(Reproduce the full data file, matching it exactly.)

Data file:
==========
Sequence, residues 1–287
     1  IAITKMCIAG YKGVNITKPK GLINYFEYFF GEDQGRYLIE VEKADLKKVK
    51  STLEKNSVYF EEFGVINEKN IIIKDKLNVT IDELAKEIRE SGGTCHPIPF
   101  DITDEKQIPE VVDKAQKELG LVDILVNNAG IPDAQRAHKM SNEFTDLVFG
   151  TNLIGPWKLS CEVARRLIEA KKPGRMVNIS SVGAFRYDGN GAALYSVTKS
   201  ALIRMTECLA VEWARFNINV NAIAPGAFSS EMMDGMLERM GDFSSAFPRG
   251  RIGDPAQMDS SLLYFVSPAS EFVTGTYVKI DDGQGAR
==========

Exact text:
Sequence, residues 1–287
     1  IAITKMCIAG YKGVNITKPK GLINYFEYFF GEDQGRYLIE VEKADLKKVK
    51  STLEKNSVYF EEFGVINEKN IIIKDKLNVT IDELAKEIRE SGGTCHPIPF
   101  DITDEKQIPE VVDKAQKELG LVDILVNNAG IPDAQRAHKM SNEFTDLVFG
   151  TNLIGPWKLS CEVARRLIEA KKPGRMVNIS SVGAFRYDGN GAALYSVTKS
   201  ALIRMTECLA VEWARFNINV NAIAPGAFSS EMMDGMLERM GDFSSAFPRG
   251  RIGDPAQMDS SLLYFVSPAS EFVTGTYVKI DDGQGAR